The government and the opposition Labor party on Friday reached a compromise on the Renewable Energy Target (RET) that observers say will make it marginally easier to meet Australia’s emission goal for 2020, but in the long run leaves the nation even more dependent on the controversial Emissions Reduction Fund to meet future targets.
After a year of negotiations, the government and Labor agreed on a target stipulating that Australia must generate 33,000 GWh of electricity from renewable sources in 2020.
The compromise deal is almost a quarter below the 41,000 GWh approved by parliament in 2009, but higher than the 25,500 GWh proposed last year after a government-appointed panel led by climate change denier Dick Warburton reviewed the target.
The Warburton review sparked a crisis in Australia’s renewable energy industry, which saw investments shrink by nearly 90% in 2014.
“This is a pleasing development and clearly indicates that the end is in sight,” Kane Thornton, chief executive of the Clean Energy Council said of Friday’s deal.
Ironically, the deal means it will be slightly easier than anticipated for Australia to meet its 2020 target of cutting greenhouse gas emissions to 5% below 2000 levels.
The government recently estimated that in order to meet the target, it would need to cut 236 million tonnes of CO2 by 2020. However, that was based on the Warburton review’s proposal of fixing the RET target at 25,500 GWh.
Depending on how the renewable target for each individual year is adjusted after Friday’s compromise, sources say the deal is likely to shave some 15 million tonnes of CO2 from the 236 million estimate.
But in the 2020s, Australia’s CO2 emissions are set to be around 7-8 million tonnes higher each year compared to if it had kept the original RET from 2009.
“The decreased RET means you have to make emission reductions elsewhere,” Martijn Wilder, a climate change expert with Baker & McKenzie, told Carbon Pulse.
At the moment, Australia does not have many policies in place to drive emission cuts beyond the Emissions Reduction Fund, which recently spent a quarter of its A$2.55 billion ($2 bln) budget buying 47 million tonnes worth of cuts.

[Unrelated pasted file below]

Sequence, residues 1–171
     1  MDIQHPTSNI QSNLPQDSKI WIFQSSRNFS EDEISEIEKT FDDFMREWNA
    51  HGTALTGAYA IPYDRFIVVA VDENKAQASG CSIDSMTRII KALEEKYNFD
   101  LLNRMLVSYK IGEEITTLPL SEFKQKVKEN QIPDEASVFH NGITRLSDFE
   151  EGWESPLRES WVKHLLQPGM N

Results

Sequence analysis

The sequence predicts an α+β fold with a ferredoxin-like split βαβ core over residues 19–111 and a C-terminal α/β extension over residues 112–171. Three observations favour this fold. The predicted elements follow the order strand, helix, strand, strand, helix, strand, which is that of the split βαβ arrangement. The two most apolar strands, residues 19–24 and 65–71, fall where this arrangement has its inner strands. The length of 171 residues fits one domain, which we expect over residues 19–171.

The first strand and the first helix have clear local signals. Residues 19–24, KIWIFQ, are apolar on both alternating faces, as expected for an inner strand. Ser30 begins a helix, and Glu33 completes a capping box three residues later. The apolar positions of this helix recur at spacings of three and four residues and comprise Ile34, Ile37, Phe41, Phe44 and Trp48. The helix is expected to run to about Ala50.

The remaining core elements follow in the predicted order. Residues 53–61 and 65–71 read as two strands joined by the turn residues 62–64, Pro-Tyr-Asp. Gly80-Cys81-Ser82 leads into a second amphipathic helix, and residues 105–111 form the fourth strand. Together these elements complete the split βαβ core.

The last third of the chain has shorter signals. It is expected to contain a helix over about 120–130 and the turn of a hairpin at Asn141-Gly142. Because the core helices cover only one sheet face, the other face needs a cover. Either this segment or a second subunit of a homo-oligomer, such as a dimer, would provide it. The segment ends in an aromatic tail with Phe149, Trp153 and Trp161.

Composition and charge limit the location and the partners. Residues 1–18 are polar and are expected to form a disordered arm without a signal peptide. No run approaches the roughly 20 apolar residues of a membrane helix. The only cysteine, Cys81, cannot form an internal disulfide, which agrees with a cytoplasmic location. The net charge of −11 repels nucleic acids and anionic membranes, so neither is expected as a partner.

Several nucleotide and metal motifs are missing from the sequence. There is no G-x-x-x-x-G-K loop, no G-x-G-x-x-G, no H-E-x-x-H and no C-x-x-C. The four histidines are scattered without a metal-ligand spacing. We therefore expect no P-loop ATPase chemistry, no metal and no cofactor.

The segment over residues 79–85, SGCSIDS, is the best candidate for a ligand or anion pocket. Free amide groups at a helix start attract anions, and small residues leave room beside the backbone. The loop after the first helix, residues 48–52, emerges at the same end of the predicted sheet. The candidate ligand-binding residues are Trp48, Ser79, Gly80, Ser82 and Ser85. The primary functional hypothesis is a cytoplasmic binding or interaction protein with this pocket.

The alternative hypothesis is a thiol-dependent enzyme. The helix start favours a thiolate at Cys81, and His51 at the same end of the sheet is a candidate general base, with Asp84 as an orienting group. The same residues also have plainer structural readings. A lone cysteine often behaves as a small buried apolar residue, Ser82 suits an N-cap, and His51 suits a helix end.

The problem with the ERF, according to critics, is that as soon as the low-hanging fruits have been picked it becomes a very expensive mechanism to cut emissions, and it leaves the responsibility of paying for carbon cuts solely with the government rather than with the emitters.
The ace up the government’s sleeve may be the safeguard mechanism, a complimentary tool to the ERF seeking to ensure that emission reductions achieved through the fund aren’t offset by increases elsewhere in the economy. It is due to be finalised later this year and enter into force on July 1, 2016.
The safeguard mechanism will set emission baselines for facilities that emit more than 100,000 tonnes of CO2 per year, and force those who exceed those baselines to make up for it, for example through buying offsets.
Environment Minister Greg Hunt has said the ERF and the safeguards will drive emission cuts in Australia for decades.
But in the draft safeguard rules released in March, there was little indication the government intends the safeguards to bite.
The 140 facilities covered would be given baselines equal to their highest level of emissions during the past five years, and numerous exemptions and special rules were proposed that would allow emissions to increase in the future without penalty for emitters.
“It will be very difficult for the government to meet an ambitious INDC unless it implements an effective safeguards mechanism,” Wilder said.
“At the very minimum they need to turn it into a baseline and crediting scheme. But no one knows if they are going to do that.”
The government is currently consulting on the safeguards, and a wide range of players, from lobbyists at the Australian Industry Group to green NGOs, have written submissions pointing out the weaknesses in the government’s draft, but confidence that the government wants an effective scheme is low.
Friday’s RET compromise coincided with Maurice Newman, Abbott’s chief business advisor, publishing a commentary in The Australian newspaper, where he argued that the UN is using climate change as a ruse to create a new world order.
For many in Australia’s carbon industry, the reduced RET was just one more sign that the government is not serious about reducing greenhouse gas emissions.
The reported compromise is at best a band aid, but no solution to the challenge of modernising and cleaning up Australia’s old, inefficient and dirty power sector,” said John Connor, CEO of the Climate Institute.
“The debate about climate policy shouldn’t be about what crumbs we can offer to the clean energy industry till 2020. The spotlight must now be on the deeper challenge of modernising and decarbonising our energy sector so Australia can help in the international effort to avoid two degrees warming.”
And even as they agreed in principle with Labor a compromise deal on the RET, the government went back on a previous promise that it would wait four years until the RET is to be reviewed again, insisting instead to scrutinise it every two years.
“That means the next RET review will start in seven months time! This is outrageous! You’ve seen the chaos and uncertainty that has resulted from review after review after review,” the Australian Solar Council said in a statement.
By Stian Reklev – firstname.lastname@example.org